Physical outcome measures as key provider and system performance indicators of patient safety fail to capture how well or how poorly patients and communities—particularly structurally minoritised and marginalised patients and communities—feel seen, heard, supported, wanted, celebrated, and safe during care design, provision, evaluation, and training.15 Being safe extends beyond the avoidance of adverse events traditionally defined and measured as medication errors, accidental punctures or lacerations, falls, retention of a foreign body or wrong site surgery. Prioritising physical safety over emotional safety, particularly among the most structurally and systematically marginalised and minoritised patients, creates and sustains the byproducts of stigma (healthcare staff and institutional) and shame (internalised stigma at the individual level). Consequently, the perpetrators of harm, hurt, stigma and stigmatisation are then protected and even incentivised by the very system that is supposed to protect patients and hold individuals within the organisation accountable to the provision of care in an emotionally just and safe culture of care. The deprioritisation of emotional safety in the ethics and epistemology of patient safety by healthcare architects, administrators, providers, financiers and evaluators makes all complicit in a longstanding policy and practice of epistemic injustice, widening the gap between hospitals’ stated intention to provide safe, high-quality care, and community experience of quality and safety. More importantly, the systemic and structural exclusion and/or erasure of patient experiences and community wisdom in shaping terminology, meanings and measurement selection further silences patient voices and undermines patient agency and self-efficacy.

Traditional patient safety meanings and measures frequently miss the mark in serving patients and families by ignoring or denying harms that patients and community members continually call us to acknowledge and address. Current efforts to support equitable patient participation in patient safety programmes will come up short if safety experts continue to define safety using a limited, traditional biomedical model, and ignore the central role of emotional safety. When we consider building an epistemology of patient safety with accountability measures and mechanisms that include both ‘feeling safe’ and ‘being safe’, the framework for patient safety is more robust and inclusive. The inclusion of patient-reported experiences of safety as defined by patients and families implicates the present healthcare system as deficient in preventing harm. To date, no mandate exists that requires systems to trust or rely on patient expressions and experiences of safety and harm as valid measures of safety and harm, and when patient experiences are considered, the measurement parameters are often defined by the institutional perspective on what counts as safety. The full integration of emotionally just safety practices and programmes cannot wait for the stubbornly slow and often ineffectual closure of the evidence-to-practice gap. Dramatic, visionary overhauls are needed, ones that demand widespread development and implementation of co-created models of patient safety with community, patients and transdisciplinary scholars. The patient safety field must simultaneously integrate critical race, feminist and disability justice theories such as obstetric violence, misogyny, obstetric racism and misogynoir (misogyny directed towards Black women based on racism and gender oppression) into their ethical, theoretical, methodological and dissemination approaches. Patient safety practitioners, clinical leaders and health system executives must also acknowledge power relations, differentials, and dynamics in the implementation, spread, and scale of conceptual models of naming, measuring, monitoring, and mitigating adverse events through understanding that feeling safe is a core component of being safe. So much is needed to truly transform healthcare into locations of actual well-being and healing, free of harm and hurt.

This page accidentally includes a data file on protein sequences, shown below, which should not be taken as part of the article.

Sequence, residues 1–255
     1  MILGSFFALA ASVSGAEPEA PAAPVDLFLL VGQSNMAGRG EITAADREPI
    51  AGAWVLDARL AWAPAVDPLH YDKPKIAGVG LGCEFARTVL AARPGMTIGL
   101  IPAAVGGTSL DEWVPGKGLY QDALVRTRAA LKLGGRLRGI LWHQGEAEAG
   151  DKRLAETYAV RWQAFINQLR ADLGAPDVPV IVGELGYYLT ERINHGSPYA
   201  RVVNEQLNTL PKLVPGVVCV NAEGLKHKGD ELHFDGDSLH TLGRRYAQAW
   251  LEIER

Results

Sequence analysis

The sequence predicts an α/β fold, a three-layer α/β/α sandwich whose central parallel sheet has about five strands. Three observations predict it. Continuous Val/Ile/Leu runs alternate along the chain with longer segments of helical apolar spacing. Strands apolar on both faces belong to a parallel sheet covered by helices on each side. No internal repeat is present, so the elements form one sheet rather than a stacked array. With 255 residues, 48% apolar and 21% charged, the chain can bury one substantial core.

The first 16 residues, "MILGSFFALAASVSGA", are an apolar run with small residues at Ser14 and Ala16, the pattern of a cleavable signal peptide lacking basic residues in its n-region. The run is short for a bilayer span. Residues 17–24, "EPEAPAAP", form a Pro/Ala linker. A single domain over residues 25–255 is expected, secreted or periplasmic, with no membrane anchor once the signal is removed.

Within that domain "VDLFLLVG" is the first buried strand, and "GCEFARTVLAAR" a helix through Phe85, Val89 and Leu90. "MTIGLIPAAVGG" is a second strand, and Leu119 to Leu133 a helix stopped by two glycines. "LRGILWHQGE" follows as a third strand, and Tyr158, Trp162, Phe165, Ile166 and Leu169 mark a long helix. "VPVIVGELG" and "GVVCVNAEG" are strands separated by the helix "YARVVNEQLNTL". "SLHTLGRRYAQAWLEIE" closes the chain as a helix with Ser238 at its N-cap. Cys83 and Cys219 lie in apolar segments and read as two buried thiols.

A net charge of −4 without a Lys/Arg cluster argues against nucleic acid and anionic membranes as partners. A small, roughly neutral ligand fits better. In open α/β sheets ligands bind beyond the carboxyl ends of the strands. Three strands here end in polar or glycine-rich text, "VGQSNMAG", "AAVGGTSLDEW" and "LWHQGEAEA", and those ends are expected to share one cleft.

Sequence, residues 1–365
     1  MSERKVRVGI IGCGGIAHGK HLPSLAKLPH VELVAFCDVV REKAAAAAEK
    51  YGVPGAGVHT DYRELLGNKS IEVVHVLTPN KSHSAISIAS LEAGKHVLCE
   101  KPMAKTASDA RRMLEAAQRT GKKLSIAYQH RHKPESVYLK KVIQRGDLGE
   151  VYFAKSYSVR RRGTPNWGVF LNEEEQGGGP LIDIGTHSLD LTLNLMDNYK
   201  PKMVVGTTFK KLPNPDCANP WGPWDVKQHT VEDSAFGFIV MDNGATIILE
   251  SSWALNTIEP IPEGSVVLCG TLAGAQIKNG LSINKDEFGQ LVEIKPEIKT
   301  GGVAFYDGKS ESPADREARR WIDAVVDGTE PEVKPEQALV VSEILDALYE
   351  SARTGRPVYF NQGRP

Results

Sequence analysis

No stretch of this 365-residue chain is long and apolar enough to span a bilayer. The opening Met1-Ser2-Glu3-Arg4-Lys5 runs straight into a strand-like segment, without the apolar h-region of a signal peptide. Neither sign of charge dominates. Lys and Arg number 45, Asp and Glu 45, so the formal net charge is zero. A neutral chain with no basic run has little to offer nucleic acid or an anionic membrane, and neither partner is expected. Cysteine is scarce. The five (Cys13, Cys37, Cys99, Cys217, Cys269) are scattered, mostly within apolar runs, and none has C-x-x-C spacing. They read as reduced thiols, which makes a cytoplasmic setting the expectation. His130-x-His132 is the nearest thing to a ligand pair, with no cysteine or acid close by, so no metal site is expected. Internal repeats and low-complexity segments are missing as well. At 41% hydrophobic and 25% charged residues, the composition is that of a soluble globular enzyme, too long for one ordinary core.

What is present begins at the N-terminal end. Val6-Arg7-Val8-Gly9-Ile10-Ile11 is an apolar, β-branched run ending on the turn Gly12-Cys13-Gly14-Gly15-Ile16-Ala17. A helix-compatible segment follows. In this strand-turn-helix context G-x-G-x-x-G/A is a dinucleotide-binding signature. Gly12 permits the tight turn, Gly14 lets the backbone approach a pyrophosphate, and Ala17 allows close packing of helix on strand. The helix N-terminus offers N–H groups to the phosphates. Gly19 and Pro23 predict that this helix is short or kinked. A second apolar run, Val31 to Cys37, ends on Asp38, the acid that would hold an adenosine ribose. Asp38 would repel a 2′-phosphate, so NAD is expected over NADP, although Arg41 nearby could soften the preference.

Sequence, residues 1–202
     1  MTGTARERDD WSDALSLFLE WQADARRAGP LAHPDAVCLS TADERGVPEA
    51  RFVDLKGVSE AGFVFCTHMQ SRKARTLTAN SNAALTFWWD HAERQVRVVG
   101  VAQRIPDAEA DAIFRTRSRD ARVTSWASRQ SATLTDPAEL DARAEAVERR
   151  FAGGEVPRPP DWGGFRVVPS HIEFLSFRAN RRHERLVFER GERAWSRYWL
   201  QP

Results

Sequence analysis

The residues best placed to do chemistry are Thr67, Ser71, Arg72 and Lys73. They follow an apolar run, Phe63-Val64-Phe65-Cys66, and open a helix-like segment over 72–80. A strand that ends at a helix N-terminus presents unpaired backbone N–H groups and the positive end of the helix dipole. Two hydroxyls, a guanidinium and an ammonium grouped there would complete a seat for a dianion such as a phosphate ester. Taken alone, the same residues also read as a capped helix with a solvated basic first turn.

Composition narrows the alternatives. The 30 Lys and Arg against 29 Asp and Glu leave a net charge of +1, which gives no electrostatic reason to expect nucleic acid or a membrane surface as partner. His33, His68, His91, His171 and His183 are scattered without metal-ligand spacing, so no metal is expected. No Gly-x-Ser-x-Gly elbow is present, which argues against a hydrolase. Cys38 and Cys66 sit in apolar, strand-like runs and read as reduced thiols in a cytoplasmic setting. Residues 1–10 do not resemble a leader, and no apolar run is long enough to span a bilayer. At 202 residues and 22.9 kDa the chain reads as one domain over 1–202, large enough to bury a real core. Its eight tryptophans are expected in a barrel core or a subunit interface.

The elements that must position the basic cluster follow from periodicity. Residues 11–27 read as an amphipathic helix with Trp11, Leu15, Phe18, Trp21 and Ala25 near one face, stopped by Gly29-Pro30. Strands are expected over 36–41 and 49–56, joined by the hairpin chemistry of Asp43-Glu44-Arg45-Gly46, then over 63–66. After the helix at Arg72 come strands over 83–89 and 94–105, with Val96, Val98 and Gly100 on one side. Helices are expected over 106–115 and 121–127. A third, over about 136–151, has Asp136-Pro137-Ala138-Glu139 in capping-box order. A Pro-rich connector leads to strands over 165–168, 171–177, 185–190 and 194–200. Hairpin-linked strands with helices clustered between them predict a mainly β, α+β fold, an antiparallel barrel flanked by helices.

Harm is harm. Emotional safety is patient safety.

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  • Twitter @audreylyndon, @drdanaaindavis, @AJSharmaMD, @RJEpiOBWarrior

  • Contributors AL, D-AD, AES and KAS all contributed to the conceptualisation, drafting and critical revision of the manuscript.

  • Funding The authors have not declared a specific grant for this research from any funding agency in the public, commercial or not-for-profit sectors.

  • Competing interests None declared.

  • Provenance and peer review Commissioned; internally peer reviewed.